Energy and social inequality, the challenges of our generation
The social and ecological costs of our energy regime today are clear, though the ¶ ways these are both the result of and exacerbate social inequality and oppression are often ¶ misunderstood or ignored. While the future is unwritten, projections, if business ¶ continues as usual, indicate environmental and social catastrophe with much of the ¶ damage irreversible. Without significant social change, we should prepare for, among ¶ other depredations, increased warfare to secure energy resources to meet increased ¶ demand. The most recent British Ministry of Defence Strategic Trends report suggests ¶ that nations will increasingly use energy security “to challenge conventional ¶ interpretations on the legality of the use of force” (108). Environmentally and socially ¶ destructive energy sectors are projected to grow the next thirty years, such as nuclear ¶ energy and biofuel, whileexpected fossil fuel demand also goes only one way, up: ¶ Global Energy use has approximately doubled over the last ¶ 30 years and, by 2040, demand is likely to grow by more ¶ than half again. Despite concerns over climate change, ¶ demand is likely to remain positively correlated to ¶ economic growth with fossil fuels, meeting more than 80% ¶ of this increase. Urban areas will be responsible for over ¶ 75% of total demand. (Strategic Trends, 106) ¶ Even a U.S. government official has recognized publicly that “our patterns of energy use ¶ creategeopolitical instability. The ways we use energy are disrupting the climate system ¶ and threaten terrifying disruptions in decades to come” (Sandalow 2009).
These realities only partially illustrate energy’s extensive contribution to what K. ¶ William Kapp (1950) referred to as capitalism’s systemic “unpaid costs.” As Anderson ¶ (1976) put it: “the growth society operates as if it had tunnel vision and nearsightedness; ¶ the accumulation of capital is pursued without regard for the side-effects or for longrange consequences, leaving to nature and the larger community these uncalculated ¶ costs” (140). Prefiguring contemporary discussions and movement framing, Anderson ¶ referred to these accumulated unpaid costs, or externalities as “the ecological debt,” the ¶ result of the exploitation of both nature and humans for the sake of economic growth at ¶ all costs (142-43), undermining the natural and social conditions of production.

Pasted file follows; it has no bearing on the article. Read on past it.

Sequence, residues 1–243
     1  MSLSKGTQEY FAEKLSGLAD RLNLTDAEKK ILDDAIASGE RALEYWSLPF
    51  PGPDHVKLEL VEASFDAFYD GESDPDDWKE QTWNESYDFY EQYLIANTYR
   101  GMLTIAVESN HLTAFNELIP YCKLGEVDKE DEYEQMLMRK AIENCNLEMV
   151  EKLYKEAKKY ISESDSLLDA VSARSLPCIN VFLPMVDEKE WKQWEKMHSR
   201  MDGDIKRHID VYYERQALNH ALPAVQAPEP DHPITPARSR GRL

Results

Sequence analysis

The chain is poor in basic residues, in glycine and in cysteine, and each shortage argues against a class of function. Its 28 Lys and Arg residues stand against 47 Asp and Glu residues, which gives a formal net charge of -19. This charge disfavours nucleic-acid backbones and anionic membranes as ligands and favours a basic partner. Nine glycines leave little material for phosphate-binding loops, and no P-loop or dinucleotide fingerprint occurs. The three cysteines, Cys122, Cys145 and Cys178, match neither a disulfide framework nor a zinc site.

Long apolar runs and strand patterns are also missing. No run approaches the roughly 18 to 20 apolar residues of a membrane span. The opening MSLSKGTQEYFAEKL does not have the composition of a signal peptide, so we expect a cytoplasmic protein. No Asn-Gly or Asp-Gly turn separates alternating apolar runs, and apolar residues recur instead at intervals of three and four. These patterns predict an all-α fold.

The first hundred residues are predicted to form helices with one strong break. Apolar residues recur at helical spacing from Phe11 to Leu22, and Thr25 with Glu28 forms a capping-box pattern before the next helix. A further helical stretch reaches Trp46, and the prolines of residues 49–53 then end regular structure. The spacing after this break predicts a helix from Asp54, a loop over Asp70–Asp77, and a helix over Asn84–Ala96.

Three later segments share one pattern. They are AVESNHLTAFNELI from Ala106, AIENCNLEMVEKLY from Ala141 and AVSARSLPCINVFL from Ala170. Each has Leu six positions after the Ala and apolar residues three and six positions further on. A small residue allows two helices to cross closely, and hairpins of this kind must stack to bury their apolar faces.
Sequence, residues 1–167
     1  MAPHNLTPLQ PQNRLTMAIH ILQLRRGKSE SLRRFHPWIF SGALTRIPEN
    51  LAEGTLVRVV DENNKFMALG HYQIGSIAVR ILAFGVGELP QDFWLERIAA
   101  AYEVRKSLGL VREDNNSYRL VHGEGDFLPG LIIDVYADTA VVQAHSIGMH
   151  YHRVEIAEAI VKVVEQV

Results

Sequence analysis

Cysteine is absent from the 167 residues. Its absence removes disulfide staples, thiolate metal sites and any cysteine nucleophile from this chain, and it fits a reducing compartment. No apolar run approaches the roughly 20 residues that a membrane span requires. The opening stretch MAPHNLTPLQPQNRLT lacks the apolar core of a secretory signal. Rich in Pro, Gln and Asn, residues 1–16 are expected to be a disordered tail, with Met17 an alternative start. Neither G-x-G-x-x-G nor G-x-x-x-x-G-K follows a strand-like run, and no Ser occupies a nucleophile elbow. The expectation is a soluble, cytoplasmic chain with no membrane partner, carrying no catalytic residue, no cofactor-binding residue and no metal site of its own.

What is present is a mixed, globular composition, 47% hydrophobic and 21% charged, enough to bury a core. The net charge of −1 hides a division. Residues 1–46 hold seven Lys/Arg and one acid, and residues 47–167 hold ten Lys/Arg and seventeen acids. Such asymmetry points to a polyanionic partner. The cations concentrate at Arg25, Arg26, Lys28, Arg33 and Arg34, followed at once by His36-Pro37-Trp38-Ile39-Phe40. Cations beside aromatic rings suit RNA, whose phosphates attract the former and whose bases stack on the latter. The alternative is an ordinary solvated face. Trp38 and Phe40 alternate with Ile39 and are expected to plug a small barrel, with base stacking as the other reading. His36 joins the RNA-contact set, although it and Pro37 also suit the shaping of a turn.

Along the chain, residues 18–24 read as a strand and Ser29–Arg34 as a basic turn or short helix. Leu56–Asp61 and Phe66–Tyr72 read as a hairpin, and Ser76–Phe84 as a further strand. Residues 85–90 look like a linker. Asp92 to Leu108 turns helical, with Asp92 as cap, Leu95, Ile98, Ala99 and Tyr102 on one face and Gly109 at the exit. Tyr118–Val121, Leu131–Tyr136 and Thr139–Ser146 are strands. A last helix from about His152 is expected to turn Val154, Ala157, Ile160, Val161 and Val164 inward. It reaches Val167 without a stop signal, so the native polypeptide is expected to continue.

As indicated previously, with energy demand expected only to increase as the ¶ economy expands, the “unpaid costs” associated with its extraction and use will continue ¶ to accumulate, but on a scale heretofore unseen. The science is clear that if we do not ¶ severely curtail energy use, we will cross critical thresholds in the biosphere’s ability to ¶ recycle waste and regulate the earth’s temperature. The consequences of crossing such ¶ planetary boundaries will be irreversible (Hansen 2009; Solomon, et al. 2009; Cullen ¶ 2010; Foster 2011).
This is a new juncture in humanity’s relation to the rest of nature. However, the ¶ costs of climate change, among other environmental crises generated by energy ¶ production and use, which is driven largely by economic growth, alreadyare visited upon ¶ communities and other social groups in a dramatically unequal way––this we may ¶ understand as a defining feature of energy injustice. This social inequality, indeed, is a ¶ necessary feature of capitalism, making human exploitation and the assault on the ¶ environment possible, and energy injustice inevitable in the current system:
“Environmental deterioration will continue so long as there is a class system, since the ¶ profits of environmental neglect accrue primarily to one class whereas the costs are borne ¶ primarily by another” (Anderson 1976, 139). Scholars studying the ecological and social ¶ rift of capitalism, including those working on environmental racism and feminist ecology, ¶ have expanded the understanding of how these processes are gendered and racialized. ¶ Work on unequal ecological exchange amply has demonstrated that inequality between ¶ nations and regions also increases the burdens of environmental injustice. Studies from ¶ all of these perspectives have drawn out inequalities embedded in our current patterns of ¶ energy decision-making, extraction, use, and waste disposal, documenting energy ¶ injustice through various theoretical lenses.